General Discussion / Is there anything such as cycling sunglasses?
« on: May 15, 2006, 12:42:53 pm »
Any of the usual AV A/B blocking sports sunglasses would work fine. They make lens that are more shatter resistant than others (road debris) and if you use a mirror for your eyeglass, that might be another thing to look at but  most of the name-brand wrap sunglasses are fine these days, whatever style you like...  I would though stick with a lighter tint than most of the really dark ones, cause then you can still use the lens in evenings and under cloud cover. I have a lens with only like 85% transmission that I use for commuting and touring.

Jay


414
General Discussion / Hygiene on tour
« on: May 11, 2006, 04:10:04 pm »
Quote
I'm wondering about the advisability of using unscented. Maybe if I find the right scent, the ladies will overlook my sagging belly and wrinkled skin and find me adorable: wad-a-u think?


Do you think that they make enough scented wetnaps in the world to cover the stench of a long distance summer tour?  :-)

But then, perhaps you might run into a lady who likes such stench...Can't win!

Jay


415
General Discussion / Hygiene on tour
« on: May 08, 2006, 04:27:31 pm »
In addition to the campgrounds with perhaps hot water (in season), there is the option to do quick jumps in public lakes/beaches. In addition to the aforementioned baby wipes, you can tend to hit up the local Chinese restaurants for wetwipes, usually with pictures of cute pandas on them. :-)

Jay


416
General Discussion / Be careful out there
« on: April 26, 2006, 03:22:18 pm »
Glad you came out somewhat OK if a little jaded.  On my bike commute, I always will slow down at intersections since I'm never in any real hurry to get to work (enjoying the ride, etc. etc.). But a couple times I've been surprised more from drivers on the road passing me and then doing the right hook which is why I instinctively check my mirror for passing cagers as I approach intersections.  Can't avoid all of them though unfortunately.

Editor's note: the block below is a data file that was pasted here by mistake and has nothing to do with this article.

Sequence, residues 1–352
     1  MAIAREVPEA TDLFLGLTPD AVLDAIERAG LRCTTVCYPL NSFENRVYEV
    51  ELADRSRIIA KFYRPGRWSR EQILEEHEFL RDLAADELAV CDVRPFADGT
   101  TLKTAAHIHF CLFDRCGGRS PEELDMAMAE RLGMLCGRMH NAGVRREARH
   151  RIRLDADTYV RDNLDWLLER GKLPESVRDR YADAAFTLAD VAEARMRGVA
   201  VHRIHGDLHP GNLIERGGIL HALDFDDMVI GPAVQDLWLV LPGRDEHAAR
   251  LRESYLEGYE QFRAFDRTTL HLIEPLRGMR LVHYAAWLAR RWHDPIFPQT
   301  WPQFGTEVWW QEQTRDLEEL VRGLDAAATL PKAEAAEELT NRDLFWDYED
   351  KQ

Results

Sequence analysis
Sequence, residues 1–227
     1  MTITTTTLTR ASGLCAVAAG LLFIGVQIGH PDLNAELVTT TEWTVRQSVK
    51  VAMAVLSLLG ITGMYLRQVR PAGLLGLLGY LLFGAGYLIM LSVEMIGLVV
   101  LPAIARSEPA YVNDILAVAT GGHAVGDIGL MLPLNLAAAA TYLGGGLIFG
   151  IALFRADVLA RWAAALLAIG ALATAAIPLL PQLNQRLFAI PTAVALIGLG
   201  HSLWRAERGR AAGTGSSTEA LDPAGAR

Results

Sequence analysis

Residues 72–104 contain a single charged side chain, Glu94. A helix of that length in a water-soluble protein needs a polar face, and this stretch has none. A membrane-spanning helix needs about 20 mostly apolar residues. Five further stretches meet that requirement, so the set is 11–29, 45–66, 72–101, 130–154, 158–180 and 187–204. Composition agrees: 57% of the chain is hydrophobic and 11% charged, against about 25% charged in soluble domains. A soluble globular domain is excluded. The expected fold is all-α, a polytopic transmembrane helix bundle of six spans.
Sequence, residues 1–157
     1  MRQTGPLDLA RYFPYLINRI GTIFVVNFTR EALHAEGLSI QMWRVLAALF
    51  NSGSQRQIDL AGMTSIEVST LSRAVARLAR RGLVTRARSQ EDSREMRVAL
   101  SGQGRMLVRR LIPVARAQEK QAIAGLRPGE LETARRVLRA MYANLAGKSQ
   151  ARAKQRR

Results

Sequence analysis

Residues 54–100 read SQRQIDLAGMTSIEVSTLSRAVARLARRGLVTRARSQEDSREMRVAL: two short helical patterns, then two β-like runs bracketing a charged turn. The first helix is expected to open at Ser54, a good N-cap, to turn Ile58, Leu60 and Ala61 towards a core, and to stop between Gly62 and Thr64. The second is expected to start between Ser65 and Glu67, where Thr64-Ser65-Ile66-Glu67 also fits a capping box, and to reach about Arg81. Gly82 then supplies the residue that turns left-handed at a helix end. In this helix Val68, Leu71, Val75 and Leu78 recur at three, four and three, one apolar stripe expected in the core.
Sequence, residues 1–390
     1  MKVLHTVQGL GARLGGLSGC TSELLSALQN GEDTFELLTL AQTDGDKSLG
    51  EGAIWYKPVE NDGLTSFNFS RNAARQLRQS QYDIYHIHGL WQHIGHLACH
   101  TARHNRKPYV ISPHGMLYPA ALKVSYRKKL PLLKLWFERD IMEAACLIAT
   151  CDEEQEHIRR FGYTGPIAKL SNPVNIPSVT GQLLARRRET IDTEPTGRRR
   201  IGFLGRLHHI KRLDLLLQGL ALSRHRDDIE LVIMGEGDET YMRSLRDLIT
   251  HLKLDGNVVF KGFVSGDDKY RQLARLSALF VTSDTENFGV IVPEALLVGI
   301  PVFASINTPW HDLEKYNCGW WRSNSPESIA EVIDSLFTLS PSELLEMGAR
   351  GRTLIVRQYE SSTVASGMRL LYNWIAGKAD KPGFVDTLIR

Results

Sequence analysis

Hoping for a quick recovery,
Jay


417
General Discussion / Right bike for mtn biking and one TransAm trip?
« on: April 13, 2006, 04:52:02 pm »
I would buy a mountain bike and not a hybrid for many reasons. Use skinny tires on the road and whatever your favorite tire for the off-road parts.

I use a mountain bike ('95 Marin team) hardtail to bike commuter, and also long distance (road) touring and find it works for me (plus, I'm to cheap to buy a real touring bike).  

However, I find the longer wheelbase MTBs to be better because they will be more stable on the road versus the short wheelbase ones that are more for "east coast singletrack" so-to-speak.   Best thing would be able to try them out loaded and see what works best but that is usually not an option. I use Old Man Mountain racks front and rear on my Marin. I use a QR rack for the front which has an old Marzocchi Bomber Z1 fork on it and the back, I use a OMM red rocks which mounts to my V-brake arches on the seatstays.  

Jay


418
General Discussion / first tour 2006
« on: April 13, 2006, 04:52:49 pm »
Well, good luck to you, hope you have a great ride!

Jay


419
General Discussion / MSR Velo Tent
« on: April 26, 2006, 03:19:49 pm »
It is reviewed in Mar 2006's ACA magazine which I am reading now. It does appear to be very heavy.

ACA magazine also says that the tent space itself is fairly small for 2 persons. I've never seen one in person yet though.

I think what would be lighter is simply a single walled tarp tent, like a Henry Shires and then a simply tarp to cover the bike if you thought that was necessary.

Jay


420
General Discussion / Cross country bike advice
« on: October 19, 2005, 11:54:50 am »
You might also post ads in the ACA magazine, they do have a section for partners wanted.  

Or you might try a local college campus.. Somebody during the summer might not want to work and perhaps take a slight adventure following you around or so... Never know....

Jay